His death is my catalyst and now I have small white pills with every breakfast and dinner. I start to feel the fog lift as bees buzz in fresh cherry blossoms. My brain transforms itself and new synapses grow. Thoughts of joy and creativity return. I’d been gone and now I am returning.
The Temple has windows now to keep out the cold. The fragile candle on the altar of my heart is safe from the breeze. We are being rebuilt together.
Two years ago I’m on the ferry crossing Portsmouth Harbour. I’m meeting Swami Sukhananda for dinner before we each take a train to different parts of the country. She’s been doing her yearly European tour and we’ve just had a weekend workshop at Lisa’s studio. My blissful and bleary state matches the incoming fog.
I’d met Lisa at 23. Despite the years gone past and our different life stages, my soul still feels stitched together in seeing her. Another human scattered across the globe that feels like home.
I take the evening train back to my new Brighton home and text with Phoenix, this man I still want to connect with. He’s 13 hours and two oceans away, our nights and mornings exchanged like confused moths frantically flying in daylight.
I work 14-hour shifts and wear my shoes through their soles. They fall apart on ancient barnyard stone that’s been converted to this wedding venue. It’s like every English fairy tale I’ve ever read.
My family decides to spread my grandfather’s ashes in the arctic in the summer. I’ve been waiting over ten years for this trip. I cancel my interview with the NHS for a communications job, and spend the remaining weeks before my return to Canada going to hot yoga, sleeping entire days away after weddings, and walking through cemeteries. England is cold. England is far away. England is not where I want to be.
I’m on a beach in Hawaii. I’m fighting a fever and have taken enough over-the-counter medicine to convince myself I can make something of this vacation.
The American government has let me into their country for exactly ten days maximum. I took a stack of paperwork proving my ties to Canada: job, house, commitments, and reference letters. After enough hours at the border to almost miss my flight, they let me through. When I’d tried to come in October, I was not successful.
I’m still in touch with Phoenix. I’m here to celebrate his birthday and to see in-person this man I attempted to spend another winter with before being thwarted by border control.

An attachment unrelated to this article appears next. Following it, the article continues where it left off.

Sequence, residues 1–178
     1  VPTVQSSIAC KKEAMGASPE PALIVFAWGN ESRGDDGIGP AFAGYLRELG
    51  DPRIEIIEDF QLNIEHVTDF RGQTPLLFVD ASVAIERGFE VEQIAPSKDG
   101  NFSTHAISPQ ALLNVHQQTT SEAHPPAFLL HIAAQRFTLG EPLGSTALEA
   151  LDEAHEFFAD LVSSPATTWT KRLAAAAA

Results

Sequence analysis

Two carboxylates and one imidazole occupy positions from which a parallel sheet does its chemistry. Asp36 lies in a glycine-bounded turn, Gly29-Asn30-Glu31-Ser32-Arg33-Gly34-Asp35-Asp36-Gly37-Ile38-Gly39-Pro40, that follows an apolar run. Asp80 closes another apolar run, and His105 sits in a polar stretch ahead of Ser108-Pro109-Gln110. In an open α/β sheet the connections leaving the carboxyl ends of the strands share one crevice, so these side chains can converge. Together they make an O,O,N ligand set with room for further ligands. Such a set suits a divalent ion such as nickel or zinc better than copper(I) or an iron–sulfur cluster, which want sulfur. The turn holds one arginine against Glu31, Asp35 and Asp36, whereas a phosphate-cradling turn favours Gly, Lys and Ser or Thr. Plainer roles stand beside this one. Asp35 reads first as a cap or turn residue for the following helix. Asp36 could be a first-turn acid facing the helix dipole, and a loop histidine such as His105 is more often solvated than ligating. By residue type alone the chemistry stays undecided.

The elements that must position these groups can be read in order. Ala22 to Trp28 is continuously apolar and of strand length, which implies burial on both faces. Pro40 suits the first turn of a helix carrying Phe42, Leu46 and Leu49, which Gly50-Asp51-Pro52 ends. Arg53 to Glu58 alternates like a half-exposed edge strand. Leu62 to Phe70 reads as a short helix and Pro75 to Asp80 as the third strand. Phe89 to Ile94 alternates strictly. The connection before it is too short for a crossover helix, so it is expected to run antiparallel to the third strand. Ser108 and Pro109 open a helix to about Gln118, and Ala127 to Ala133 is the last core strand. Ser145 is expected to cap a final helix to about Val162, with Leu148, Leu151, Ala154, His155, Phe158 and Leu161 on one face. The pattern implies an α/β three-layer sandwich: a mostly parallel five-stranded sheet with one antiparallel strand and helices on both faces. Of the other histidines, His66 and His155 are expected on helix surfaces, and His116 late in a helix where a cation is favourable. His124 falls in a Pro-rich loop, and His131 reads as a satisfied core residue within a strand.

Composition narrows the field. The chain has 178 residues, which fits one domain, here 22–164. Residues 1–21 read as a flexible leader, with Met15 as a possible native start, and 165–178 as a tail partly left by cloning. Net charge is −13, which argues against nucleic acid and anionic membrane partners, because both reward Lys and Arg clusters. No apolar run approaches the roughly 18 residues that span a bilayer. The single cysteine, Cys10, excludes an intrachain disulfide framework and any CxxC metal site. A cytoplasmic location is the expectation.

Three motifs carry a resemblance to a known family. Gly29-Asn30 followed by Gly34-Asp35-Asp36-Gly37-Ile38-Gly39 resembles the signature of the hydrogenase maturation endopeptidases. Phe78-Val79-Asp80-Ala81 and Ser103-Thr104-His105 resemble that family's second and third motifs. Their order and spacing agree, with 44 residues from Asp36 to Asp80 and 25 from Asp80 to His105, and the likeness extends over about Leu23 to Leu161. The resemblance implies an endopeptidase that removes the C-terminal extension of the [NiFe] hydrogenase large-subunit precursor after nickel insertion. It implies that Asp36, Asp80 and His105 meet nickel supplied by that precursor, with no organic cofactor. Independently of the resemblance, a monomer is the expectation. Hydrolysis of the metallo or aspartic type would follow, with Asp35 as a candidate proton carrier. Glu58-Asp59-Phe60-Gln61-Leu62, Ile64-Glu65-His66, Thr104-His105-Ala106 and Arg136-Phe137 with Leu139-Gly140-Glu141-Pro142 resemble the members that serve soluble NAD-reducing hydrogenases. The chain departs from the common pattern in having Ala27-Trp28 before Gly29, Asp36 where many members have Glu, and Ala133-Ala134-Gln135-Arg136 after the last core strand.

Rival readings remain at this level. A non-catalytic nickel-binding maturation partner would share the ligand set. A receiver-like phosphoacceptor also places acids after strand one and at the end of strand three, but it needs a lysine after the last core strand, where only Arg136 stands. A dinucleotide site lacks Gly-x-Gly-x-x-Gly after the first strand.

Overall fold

Our monogamously casual, mostly long-distance relationship has weathered a year-and-a-half. He’s come to Canada at least four times, each visit wildly different, their only consistencies the fraught first days while we get used to one another again and always get through to the other side.
I wonder what I’m doing on a lava rock in the middle of the Pacific Ocean. I fly away, back to my precious mountain town where I walk the same path every day at lunch. I clutch my phone to text this man who is so far away. I wonder what I’m doing on this lake shore in the middle of a mountain range.
Elephant Mountain rises behind me as I walk up the sidewalk of steps slowly to not lose my breath. Kootenay Lake glimmers in the sunshine. Horse chestnut flowers bloom, their petals falling at my feet. I do not see any of this. I see his face on the screen of our video call. I see our persistence. My own grasping, a hollow, faltered reaching to connect.
The world changed and everything in my life is uncertain. He holds me as I sob. “I don’t exactly know why I’m crying,” I say, muffled into his neck. Vibrations of sadness wrest out of my heart, finally given their chance to move through me.
We’d spent another winter together in Hawaii, but this time I can’t pretend to want the life he lives that he is not ready to say goodbye to. We left his communal home that I cannot accept for a vacation rental in the rainforest, a decision bathed in a pool of love that threatens to dry up. I measure my goals against the current world crises and re-valuate our two-and-a-half-year game of relationship chicken.
The sobbing shifts boulders inside of me. I watch the ocean pull itself back and reveal the same. Underneath, I find a familiar pea, one I know well and thought I’d fully digested and discarded years ago, I don’t believe I am worthy of love. The wave crashes onto newly exposed rock.
I’ve been running on auto-pilot. My heart has atrophied with neglect. I have forgotten how to connect with myself, anything else, him. I miss my grandmother.
My visa for this country expires in one month. I do not know where I will go, what I will do, how I will get there, or if there will be a “we”.
I’ve been rededicating myself to spiritual practice, upping the amount of time I spend in contemplation, adding and re-adding moments of the sacred to my day. All this light shows me the dark places. I sweep out the dust it reveals with my left hand, while my right tries to reach into a bin of engrained patterns of codependency to scatter more. I do not quite know how to stop spreading the dust.
I keep praying. I keep asking. I keep crying with my heart alight, revelling in the massage these sobs give her. She vibrates with a deeper joy than this upturned world can provide. She reminds me that I know what love is, that I know the pathway back.
I want to wipe away the past and rebuild. I want to watch these polarizing societal structures crumble. I want to see what Siva leaves in His wake.
Reflected light filters into my eyes and I imagine I can differentiate between each photon as it passes information to my brain. How can it be a particle and a wave? How can it alter depending on the way we look at it? My imagination shows me light’s true nature as my lived reality tries to make sense of love’s true nature.
I am still here, suspended among both of them, remembering to breathe.